Tale of the Tape: Does the Colts Defense Show Different Looks?

While trying to decide what to focus on during this week's film review, I got a great suggestion from Coltzilla contributor Travis Tango. Travis mentioned that the Colts always seem to go very vanilla on defense, and that this makes it easy for opposing offenses to adjust and improve as the game goes on, since the looks are relatively the same.

So, while re-watching the game today, I charted what looks the defense gave during the entire Chiefs game, and tried to see if there was any distinct advantage to mixing things up. The results were pretty clear.

First, let's take a look at the base defensive looks the Colts employ. There are two main schemes the Colts use: a default 4-3 and a nickel package. For the default, which is most used, the linebackers are Pat Angerer at MLB and Philip Wheeler and Kavell Conner as the outside backers. The cornerbacks were Jacob Lacey and Jerraud Powers for the majority of the game, although at times Lacey was replaced by Terrence Johnson. The safeties were Antoine Bethea and David Caldwell. The defensive line stayed on a rotation, and didn't differ noticeably from nickel to default.

The nickel package employed Angerer and Ernie Sims at linebacker, Powers, Lacey, and Johnson at cornerback, and Bethea and Joe Lefeged as safeties. During the first half, the Colts used the default defense 14 times out of 28 plays, 10 were the nickel, and four were variations of the nickel that involved a different rusher.

On one play, Jerry Hughes came in for a defensive tackle, but rushed from a standing up position (finally! I've been calling for this for weeks!). This resulted in a sack on 3rd and 9, as the line left Freeney and Mathis both single blocked.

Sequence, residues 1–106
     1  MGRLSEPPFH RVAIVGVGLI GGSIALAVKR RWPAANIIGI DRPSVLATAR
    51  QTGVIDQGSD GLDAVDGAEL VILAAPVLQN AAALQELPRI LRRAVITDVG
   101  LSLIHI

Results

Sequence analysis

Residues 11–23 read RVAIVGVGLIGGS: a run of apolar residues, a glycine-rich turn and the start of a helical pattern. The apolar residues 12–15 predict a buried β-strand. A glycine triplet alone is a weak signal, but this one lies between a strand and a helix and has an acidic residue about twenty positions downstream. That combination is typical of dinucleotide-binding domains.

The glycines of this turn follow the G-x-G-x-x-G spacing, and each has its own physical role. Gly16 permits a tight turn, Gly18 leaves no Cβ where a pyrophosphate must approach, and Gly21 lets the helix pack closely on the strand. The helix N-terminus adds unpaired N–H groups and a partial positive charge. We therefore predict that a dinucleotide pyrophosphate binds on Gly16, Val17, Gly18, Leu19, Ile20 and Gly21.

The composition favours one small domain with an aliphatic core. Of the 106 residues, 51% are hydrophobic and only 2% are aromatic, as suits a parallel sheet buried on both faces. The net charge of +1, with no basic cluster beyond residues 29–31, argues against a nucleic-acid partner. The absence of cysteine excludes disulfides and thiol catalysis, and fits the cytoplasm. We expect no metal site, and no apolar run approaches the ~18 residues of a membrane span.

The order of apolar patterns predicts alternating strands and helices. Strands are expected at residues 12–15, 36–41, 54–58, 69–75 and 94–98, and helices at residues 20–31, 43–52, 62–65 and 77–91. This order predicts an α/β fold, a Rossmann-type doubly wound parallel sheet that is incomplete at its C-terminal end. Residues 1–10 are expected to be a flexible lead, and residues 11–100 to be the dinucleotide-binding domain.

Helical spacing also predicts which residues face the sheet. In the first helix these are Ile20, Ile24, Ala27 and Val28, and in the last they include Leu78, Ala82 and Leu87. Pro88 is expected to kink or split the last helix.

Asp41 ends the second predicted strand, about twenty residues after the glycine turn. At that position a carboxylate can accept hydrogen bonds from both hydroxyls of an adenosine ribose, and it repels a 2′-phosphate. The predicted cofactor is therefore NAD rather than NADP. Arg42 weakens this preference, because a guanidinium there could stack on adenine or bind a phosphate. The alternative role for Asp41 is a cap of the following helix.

On the second play, the Colts showed a double LB blitz, but only blitzed Conner. The pressure got to Cassel quickly, and forced an incomplete throw. On a third and three during the next drive, the Colts combined the two looks, rushing Freeney from a standing up position as they showed a blitz from the linebackers and Joe Lefeged. Again, the pressure caused an incomplete pass.

On the final play, Hughes showed like he was going to rush from a joker position, but fell back into coverage. If it wasn't for Terrence Johnson blowing his assignment in the flat, it would have been punting time. During the second half, the Colts went with the base 4-3 for 29 of the 42 plays, the base nickel on 4 of the 42 plays, 3 plays with a different look from the nickel package, and 5 plays from the default.

Again, the plays that involved different looks or blitzes were generally successful in terms of forcing quick throws or stopping a run behind the line. On the Chiefs long, 12-play drive during the third quarter, the Colts gave the same exact 4-3 base look for every single play, and the Chiefs tore it apart. So, out of 70 plays, the defense used a "different" look only 12 times, even though this mixture was largely successful.

Why won't Coyer try and mix things up more often? I'd love to see more of this, especially the use of Hughes as a rusher from a standing position. This seemed to be more effective, as the blitz of the linebackers left holes in the Colts' zone.

Kyle J. Rodriguez

About Kyle J. Rodriguez

A film and numbers guru, Kyle writes about the NFL and the Indianapolis Colts for Bleacher Report, Draft Mecca and The Football Educator, and is a co-founder and associate editor of Colts Authority. Kyle also is a high school sports reporter for the MLive Media Group in Michigan, covering high school sports across the state.

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